Rupert Holmes is really a terrible songwriter. Most of his songs sound like the guys from Ishtar wrote them. Check out “Nearsighted” from the same album as this song for a great example. His career up to that point is as good evidence as any that the late-70’s Los Angeles music industry was an affirmative action program for white men. But he got extremely lucky once and wrote and recorded a great song. Well, I think it’s great.
First stroke of luck: toward the end of recording sessions for the album this was on, he needed another track to fill up the space, but his drummer-for-hire that day had recently passed out drunk. So he looped some random noodling the guy had played earlier and put some basic percussive piano chords over it, which resulted in a rhythm far more interesting and dynamic than they ever would have come up with if they had thought about it.
Second stroke of luck: he hit on a story that was perfect to tell in three verses with a kicker at the end, and a chorus that would move the story along and carry a slightly altered meaning after each verse. The story is sweetly romantic but edgy in the manner of a conservative stand-up comic, and throws in jabs at everyone who’d been stepping out of line lately, from flaky new age spiritualists to the bizarre and creepy world of classified ad dating, which was guaranteed to resonate with anyone who starts to let the culture pass them by as they age and who feels both insecure and defensive about it. This is always a profitable demographic.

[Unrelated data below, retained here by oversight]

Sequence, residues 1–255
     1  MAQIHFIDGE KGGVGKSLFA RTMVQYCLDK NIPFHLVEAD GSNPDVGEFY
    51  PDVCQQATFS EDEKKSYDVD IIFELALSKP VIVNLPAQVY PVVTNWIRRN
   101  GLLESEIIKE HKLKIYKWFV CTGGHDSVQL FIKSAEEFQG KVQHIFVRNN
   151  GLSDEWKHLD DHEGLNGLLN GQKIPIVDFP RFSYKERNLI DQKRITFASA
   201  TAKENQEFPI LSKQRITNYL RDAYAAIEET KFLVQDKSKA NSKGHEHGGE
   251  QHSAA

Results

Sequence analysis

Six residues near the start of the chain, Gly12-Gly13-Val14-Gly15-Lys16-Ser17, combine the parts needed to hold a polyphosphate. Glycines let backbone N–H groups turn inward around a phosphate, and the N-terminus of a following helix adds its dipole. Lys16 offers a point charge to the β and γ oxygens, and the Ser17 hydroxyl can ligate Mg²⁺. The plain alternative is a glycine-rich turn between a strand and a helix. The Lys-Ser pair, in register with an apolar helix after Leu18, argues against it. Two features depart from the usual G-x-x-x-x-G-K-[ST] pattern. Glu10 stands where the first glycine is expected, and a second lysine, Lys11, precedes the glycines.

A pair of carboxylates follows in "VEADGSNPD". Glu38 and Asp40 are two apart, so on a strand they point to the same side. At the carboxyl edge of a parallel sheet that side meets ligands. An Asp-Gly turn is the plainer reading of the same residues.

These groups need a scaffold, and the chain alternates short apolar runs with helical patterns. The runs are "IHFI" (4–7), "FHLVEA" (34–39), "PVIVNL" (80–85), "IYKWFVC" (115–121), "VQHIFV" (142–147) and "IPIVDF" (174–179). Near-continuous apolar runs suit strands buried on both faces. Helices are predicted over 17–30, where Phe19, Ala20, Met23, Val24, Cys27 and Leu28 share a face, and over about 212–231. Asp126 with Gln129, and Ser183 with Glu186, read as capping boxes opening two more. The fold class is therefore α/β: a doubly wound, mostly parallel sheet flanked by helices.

Third stroke of luck: he accidentally managed to avoid any laughably lumbering metaphors (such as the one he used in “Nearsighted”, which is also couched in a typically forced Rupert Holmesian melody).
Fourth stroke of luck: At the last minute, he changed “Humphrey Bogart”, which does not scan well, with “Piña Coladas”, which most definitely does, even though he’d never had one before at that point in time and as it turns out he doesn’t really like them. Considering his awkward choices of words in other songs (some might call them endearing), it is a miracle that he found an internal editor to kick in this time.
I love this song. I could listen to it every day for a year and not get tired of it. I’ll dance to it too, without much prodding.
Kate Bush’s “Babooshka” is also great, and the two contrasted are a fine study in middlebrow vs. highbrow, literature vs. stories. But they both capture important truths of the people for and about whom they were written. And they are each worthy of both close consideration and mindless enjoyment.